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No backtracking from globalization

By Ed Zhang | China Daily Europe | Updated: 2016-07-03 13:32

Market will continue to reward those who learn from past experience and open up their systems

There was a misprint in my column last week: a bureaucracy without (not with, as printed) enough authority to launch a change in its industry tends to be a drag, rather than a driver, of the reform. Remaining like that for too long, it not only contributes no progress, but also hurts confidence.

On the global level, this is what we see in some existing frameworks for international cooperation - Brexit, for example. It's hard to tell for how long, and how widely, its repercussions will affect this part of the world, at a time when many ominous forecasts are flowing around.

But whatever the consequence, in all likelihood it will also prove that backtracking from globalization, and from all the ties made and interests earned from it, is far from easy. It doesn't leads to a simple solution, if there can be a solution at all.

The global market, along with its logic that economists have described for more than 200 years, will continue to work and to distribute reward to those who learn from past experiences seriously and act more quickly to open up their own systems.

Globalization is unstoppable, even though it is now in a low cycle. New roles will rise for different national economies once breakthroughs come around, in technology or in management. Before that, people will find it more complicated than they thought to dismantle the existing systems than repairing them.

The same applies domestically. The country is going through many difficulties, admittedly, from a large stockpile of debt for companies and local governments, a slowdown in the growth in old industries and old industrial regions, to bureaucracies that, as I said, are unable to lead change.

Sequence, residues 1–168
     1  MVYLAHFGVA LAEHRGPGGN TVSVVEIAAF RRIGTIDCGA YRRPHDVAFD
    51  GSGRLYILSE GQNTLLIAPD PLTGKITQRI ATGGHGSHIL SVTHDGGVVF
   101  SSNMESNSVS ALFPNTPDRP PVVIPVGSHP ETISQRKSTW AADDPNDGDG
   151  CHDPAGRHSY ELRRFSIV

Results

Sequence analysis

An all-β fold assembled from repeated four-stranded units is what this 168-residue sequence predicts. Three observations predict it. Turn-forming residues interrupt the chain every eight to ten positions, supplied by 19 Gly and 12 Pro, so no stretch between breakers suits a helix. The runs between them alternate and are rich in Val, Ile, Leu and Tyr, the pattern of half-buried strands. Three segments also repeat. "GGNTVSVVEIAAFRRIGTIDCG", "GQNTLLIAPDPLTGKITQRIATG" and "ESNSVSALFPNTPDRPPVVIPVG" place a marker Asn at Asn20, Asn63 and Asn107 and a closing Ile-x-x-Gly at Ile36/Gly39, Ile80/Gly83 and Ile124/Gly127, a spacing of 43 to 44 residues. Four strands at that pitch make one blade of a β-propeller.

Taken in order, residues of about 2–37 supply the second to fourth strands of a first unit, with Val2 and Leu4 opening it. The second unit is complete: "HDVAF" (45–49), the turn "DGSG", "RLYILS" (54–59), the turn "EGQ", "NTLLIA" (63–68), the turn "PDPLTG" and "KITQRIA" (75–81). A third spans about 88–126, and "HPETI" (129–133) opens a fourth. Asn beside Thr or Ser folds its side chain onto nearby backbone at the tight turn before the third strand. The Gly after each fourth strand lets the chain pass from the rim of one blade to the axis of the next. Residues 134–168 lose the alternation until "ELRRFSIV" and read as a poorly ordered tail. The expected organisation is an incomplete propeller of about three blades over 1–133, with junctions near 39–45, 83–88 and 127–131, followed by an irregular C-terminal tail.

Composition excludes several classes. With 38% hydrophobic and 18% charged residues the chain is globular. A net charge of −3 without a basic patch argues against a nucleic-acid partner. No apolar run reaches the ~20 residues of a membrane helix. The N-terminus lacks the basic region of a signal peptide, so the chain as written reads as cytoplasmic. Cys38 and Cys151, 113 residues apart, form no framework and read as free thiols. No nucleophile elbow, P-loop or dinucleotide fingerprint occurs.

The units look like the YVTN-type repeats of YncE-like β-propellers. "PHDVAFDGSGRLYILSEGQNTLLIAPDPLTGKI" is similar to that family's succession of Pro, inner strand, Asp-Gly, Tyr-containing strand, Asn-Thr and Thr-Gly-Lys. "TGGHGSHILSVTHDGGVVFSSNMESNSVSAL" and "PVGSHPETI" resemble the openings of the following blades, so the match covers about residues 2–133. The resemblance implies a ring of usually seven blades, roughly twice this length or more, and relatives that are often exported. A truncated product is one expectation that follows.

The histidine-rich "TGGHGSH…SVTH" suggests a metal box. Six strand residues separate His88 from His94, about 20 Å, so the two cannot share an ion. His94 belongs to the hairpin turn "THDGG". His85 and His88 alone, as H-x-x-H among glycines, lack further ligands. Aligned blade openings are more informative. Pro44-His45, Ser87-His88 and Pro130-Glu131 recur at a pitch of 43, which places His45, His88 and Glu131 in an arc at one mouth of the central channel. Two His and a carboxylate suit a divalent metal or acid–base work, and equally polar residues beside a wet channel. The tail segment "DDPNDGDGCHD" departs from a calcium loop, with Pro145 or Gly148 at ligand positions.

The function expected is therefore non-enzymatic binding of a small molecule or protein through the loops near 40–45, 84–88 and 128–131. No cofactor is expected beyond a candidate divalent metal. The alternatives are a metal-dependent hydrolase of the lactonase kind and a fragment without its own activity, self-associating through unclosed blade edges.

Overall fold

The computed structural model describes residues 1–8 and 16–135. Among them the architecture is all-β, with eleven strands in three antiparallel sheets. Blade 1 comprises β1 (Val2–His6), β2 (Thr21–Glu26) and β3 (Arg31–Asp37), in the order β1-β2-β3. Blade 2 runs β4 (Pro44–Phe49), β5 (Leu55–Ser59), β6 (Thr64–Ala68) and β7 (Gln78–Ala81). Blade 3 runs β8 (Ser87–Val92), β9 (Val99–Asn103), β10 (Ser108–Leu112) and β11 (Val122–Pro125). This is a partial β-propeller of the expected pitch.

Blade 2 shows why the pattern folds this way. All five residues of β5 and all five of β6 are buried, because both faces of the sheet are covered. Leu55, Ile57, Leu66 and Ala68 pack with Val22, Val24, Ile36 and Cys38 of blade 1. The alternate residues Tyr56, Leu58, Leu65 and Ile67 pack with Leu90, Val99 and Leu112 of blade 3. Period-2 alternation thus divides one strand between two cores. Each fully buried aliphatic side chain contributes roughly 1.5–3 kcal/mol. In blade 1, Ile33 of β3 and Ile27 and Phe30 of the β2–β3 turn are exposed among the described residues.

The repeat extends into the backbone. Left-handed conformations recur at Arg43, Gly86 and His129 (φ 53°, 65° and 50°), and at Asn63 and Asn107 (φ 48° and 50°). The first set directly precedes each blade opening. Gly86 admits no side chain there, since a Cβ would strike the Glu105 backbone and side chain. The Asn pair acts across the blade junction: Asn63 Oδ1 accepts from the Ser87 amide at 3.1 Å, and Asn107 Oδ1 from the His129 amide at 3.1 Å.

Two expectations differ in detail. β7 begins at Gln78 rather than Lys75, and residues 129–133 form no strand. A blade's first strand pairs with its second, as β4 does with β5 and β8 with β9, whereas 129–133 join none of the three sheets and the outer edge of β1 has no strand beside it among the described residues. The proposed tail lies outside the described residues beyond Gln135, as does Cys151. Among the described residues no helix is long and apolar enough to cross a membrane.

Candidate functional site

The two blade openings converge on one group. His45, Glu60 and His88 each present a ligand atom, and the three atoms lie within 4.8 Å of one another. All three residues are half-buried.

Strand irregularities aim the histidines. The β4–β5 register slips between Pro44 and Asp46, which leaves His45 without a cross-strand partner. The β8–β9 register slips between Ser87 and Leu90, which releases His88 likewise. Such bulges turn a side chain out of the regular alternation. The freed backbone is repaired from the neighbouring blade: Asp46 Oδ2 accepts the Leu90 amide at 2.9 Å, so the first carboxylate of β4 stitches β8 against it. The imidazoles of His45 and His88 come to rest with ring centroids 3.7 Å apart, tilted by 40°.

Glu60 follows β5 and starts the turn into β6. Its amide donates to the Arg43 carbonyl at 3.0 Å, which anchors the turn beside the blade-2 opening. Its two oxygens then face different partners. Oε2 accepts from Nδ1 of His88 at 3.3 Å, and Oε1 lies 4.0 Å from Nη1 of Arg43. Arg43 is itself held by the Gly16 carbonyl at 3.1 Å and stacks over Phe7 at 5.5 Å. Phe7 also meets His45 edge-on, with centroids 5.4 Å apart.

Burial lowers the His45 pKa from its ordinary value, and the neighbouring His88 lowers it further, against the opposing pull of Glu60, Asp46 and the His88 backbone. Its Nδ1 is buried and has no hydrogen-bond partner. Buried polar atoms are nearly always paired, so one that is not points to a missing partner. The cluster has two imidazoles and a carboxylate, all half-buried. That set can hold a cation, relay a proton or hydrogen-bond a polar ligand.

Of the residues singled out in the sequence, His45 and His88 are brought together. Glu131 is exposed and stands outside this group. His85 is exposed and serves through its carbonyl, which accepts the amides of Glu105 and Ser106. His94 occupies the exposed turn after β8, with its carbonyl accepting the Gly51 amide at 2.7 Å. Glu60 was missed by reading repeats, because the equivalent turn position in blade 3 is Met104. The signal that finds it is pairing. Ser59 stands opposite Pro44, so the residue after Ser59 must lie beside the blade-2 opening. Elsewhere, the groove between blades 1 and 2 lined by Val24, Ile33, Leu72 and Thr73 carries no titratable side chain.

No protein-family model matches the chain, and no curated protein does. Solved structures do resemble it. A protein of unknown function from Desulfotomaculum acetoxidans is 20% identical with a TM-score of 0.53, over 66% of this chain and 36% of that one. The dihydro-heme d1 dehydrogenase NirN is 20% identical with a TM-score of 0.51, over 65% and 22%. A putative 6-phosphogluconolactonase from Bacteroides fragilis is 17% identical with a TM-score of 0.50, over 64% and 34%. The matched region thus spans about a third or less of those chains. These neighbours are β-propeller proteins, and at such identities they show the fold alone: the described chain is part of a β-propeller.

But despite these difficulties, and the predictions about China's deviation from its past reformist line, there is no going back from what the country has achieved in its reform in the past 40 years. Beating a retreat would be even harder, although striking forward is unrealistic at the moment. Giving up the goals listed in the national leadership's solemn statement in 2013 would look even worse.

So, if some say, as a distant partner with the European Union, China may survive the Brexit crisis unscathed and even may be a net winner, the biggest winning point that the country stands to earn may not be in any monetary or material sense. It is a lesson that can be learned by the economic officials and corporate executives about the social cost they may face if they keep procrastinating in the actions they have promised.

Like in every reform that is overdue, people may run out of patience. Society may divide, as some individuals start peddling seemingly simple but practically messy solutions.

Fortunately, in at least one area, the Chinese leaders have shown enough resolution. That is the anticorruption campaign. It will soon result in some new accountability rules in the Communist Party of China, as official media announced last week.

China made the rules on disciplinary inspection for officials in August last year, and in October, it made the rules on self-discipline and disciplinary punishments. These are steps to institutionalize the anticorruption campaign that has been unrelenting in the past four years.

Although these rules don't directly contribute to a rise in GDP, or to any specific technological innovation, they will result in the buildup of a new regulatory environment, in which officials would risk their career, if not personal freedom, by misusing public funds or exacting personal bribes from private companies.

The direction of these developments will only match the good international practice as required by the age of globalization, and China's commitment to the latter. China, it is hoped, will take more actions along the line.

The author is an editor-at-large of China Daily. Contact the writer at

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